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The River Clyde

The River Clyde
The River Clyde Near Midculter in Lanarkshire

Saturday, October 4, 2014

Part One. The Play for Jonathan Crouch. Chapter VI. Forced Move for a Minor Piece

Melrose Abbey
Having learned from Christian (Ch. III, More Blindfold Play) that Jonathan Crouch is the prisoner of George Douglas, Lymond slips into Douglas's home at Dalkeith disguised as a messenger. After being threatened by Lymond with the contents of a captured message from Lord Grey to the Protector that contains some very damning information about him, Douglas tells Lymond he no longer has Crouch but "sold" him to Andrew Hunter. Douglas also informs Lymond that he must, as a gentleman, tell Hunter someone is looking for Crouch, and broadly hints that Lymond can join his men traveling to Ballaggan as a way of getting into Hunter's home to look for Crouch. This deal is satisfactory to Lymond, who seals the agreement with a hogshead of "stirred up" beer. Douglas understands the irony in this gift, that is, it is the same beer that was destined for Lord Grey's men at Hume but which never made it.

Dorothy Dunnett's singular wit is showcased in the opening of this short chapter as she shows with delicious malice how the "hoax at Hume" gained a life of its own and traveled round the countryside and through the towns and down the valleys, growing in humorous effect as it turned every corner and crossed every stream. 

Her portrayal of George Douglas is equally delectable. Initially, Douglas is too distracted to notice the "messenger's" completely inappropriate, haughty quip about the Protector:

"Forgive the delay. I cannot always receive the Lord Protector's messages as freely as I should wish." ...
"I am sure his Grace would be unhappy to think otherwise, Sir George." 
No real messenger would ever dare say such a thing. Douglas is clearly preoccupied or he would have been all over this flippant remark in the wink of an eye. However, the next words out of the Lymond's mouth get Douglas's full attention. He says not one word until Lymond has finished his long, eloquent, and threatening soliloquy. Even then, George reacts with Lymond-like aplomb, seating himself "negligently near the door" (of course...cut off Lymond's escape or make his own easier) before coolly responding.

The intercepted message from Grey to the Protector reveals that Douglas is working to advance the marriage of Queen Mary to Edward of England and convince his brothers to betray Arran (the Governor of Scotland). This is all done under threat, clearly, but still George does not want these facts made known to anyone. The Douglases definitely do play both sides, to their advantage and to their detriment.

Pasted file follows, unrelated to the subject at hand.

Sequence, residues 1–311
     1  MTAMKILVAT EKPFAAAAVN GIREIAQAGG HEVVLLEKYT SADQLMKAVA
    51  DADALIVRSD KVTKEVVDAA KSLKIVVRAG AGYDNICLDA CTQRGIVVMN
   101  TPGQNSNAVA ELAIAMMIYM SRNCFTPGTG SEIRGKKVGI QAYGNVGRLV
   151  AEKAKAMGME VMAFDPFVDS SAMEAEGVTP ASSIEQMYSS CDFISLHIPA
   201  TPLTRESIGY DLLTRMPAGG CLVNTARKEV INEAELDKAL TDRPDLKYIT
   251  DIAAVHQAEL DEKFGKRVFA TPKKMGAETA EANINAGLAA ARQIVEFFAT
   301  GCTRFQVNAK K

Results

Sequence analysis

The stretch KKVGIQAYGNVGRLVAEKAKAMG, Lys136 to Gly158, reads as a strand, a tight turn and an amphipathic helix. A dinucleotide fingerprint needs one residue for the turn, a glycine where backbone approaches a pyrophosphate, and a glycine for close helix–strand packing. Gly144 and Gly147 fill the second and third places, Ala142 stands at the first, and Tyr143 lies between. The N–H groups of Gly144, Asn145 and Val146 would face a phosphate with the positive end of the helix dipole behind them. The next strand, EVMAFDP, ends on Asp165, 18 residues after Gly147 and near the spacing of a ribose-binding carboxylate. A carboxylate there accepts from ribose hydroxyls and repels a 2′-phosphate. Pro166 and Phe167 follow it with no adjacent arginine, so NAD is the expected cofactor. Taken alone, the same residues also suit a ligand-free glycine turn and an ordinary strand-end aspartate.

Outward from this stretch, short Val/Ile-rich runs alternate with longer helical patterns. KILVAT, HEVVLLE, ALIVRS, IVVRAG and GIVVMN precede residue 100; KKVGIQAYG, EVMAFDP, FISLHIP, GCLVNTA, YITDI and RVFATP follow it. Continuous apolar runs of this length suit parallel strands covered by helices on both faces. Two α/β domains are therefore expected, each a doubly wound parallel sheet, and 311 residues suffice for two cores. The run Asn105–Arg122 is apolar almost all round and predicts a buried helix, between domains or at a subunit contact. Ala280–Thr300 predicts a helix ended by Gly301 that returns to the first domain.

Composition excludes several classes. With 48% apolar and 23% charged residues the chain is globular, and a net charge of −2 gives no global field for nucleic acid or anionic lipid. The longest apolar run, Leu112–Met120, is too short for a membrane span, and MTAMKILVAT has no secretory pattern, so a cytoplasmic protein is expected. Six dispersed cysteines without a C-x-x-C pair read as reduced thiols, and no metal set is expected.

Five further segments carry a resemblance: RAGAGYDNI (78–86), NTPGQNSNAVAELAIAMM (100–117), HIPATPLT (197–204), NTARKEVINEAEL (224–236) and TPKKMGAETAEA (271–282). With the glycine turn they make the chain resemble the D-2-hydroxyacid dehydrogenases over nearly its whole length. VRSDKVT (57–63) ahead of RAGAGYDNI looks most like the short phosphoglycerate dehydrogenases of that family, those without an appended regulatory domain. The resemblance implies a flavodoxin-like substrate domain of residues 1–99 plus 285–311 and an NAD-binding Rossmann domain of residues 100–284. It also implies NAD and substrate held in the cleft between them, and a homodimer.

George really seems the only person we have thus far met who might be an adversary equal to Lymond. Notice the things they share in common: 
  • both are fastidious about grooming and dress
  • where others gaffaw, they apply thoughtful analysis
  • neither can be easily thrown off balance (George displays "undisturbed calm," even when openly threatened)
  • both are perfectly willing to lie and conceal the truth (George is lying when he says the Queen already knows about his subterfuge and Lymond again conceals his identity)
  • both are sharp-witted and admire that quality in the other
  • each man understands the other's subtle way of expressing himself (Lymond understands Douglas is offering to smuggle him into Ballaggan, and Douglas understands where the hogshead of beer came from).
I am sure Lymond reciprocates George Douglas's reaction to him: "For an instant he was overcome with an extraordinary feeling of kinship for this odd, sharp-witted person." Two sleek leopards admiring the other's sharp wit and sharper claws.

Osprey, sans collar and chain
Of course, as much as he is fascinated by his importunate visitor, George sees the "messenger" not as a leopard but as a "wild cormorant, an acidulous osprey" to be captured and chained "with 'Douglas' in fine Gothic letters on the neck." George, I'm sure, knows that the cormorant and osprey are formidable, vigorous predators.

One other small comment worth noting: when Douglas says to Lymond, "You could become a rich man," Lymond replies, "I am a rich man." This is the first indication that Francis Crawford may have more resources than we had realized before. We know his men are well paid, so does he have wealth beyond what he and his band of outlaws have stolen? I think it's worth keeping in mind as the story progresses.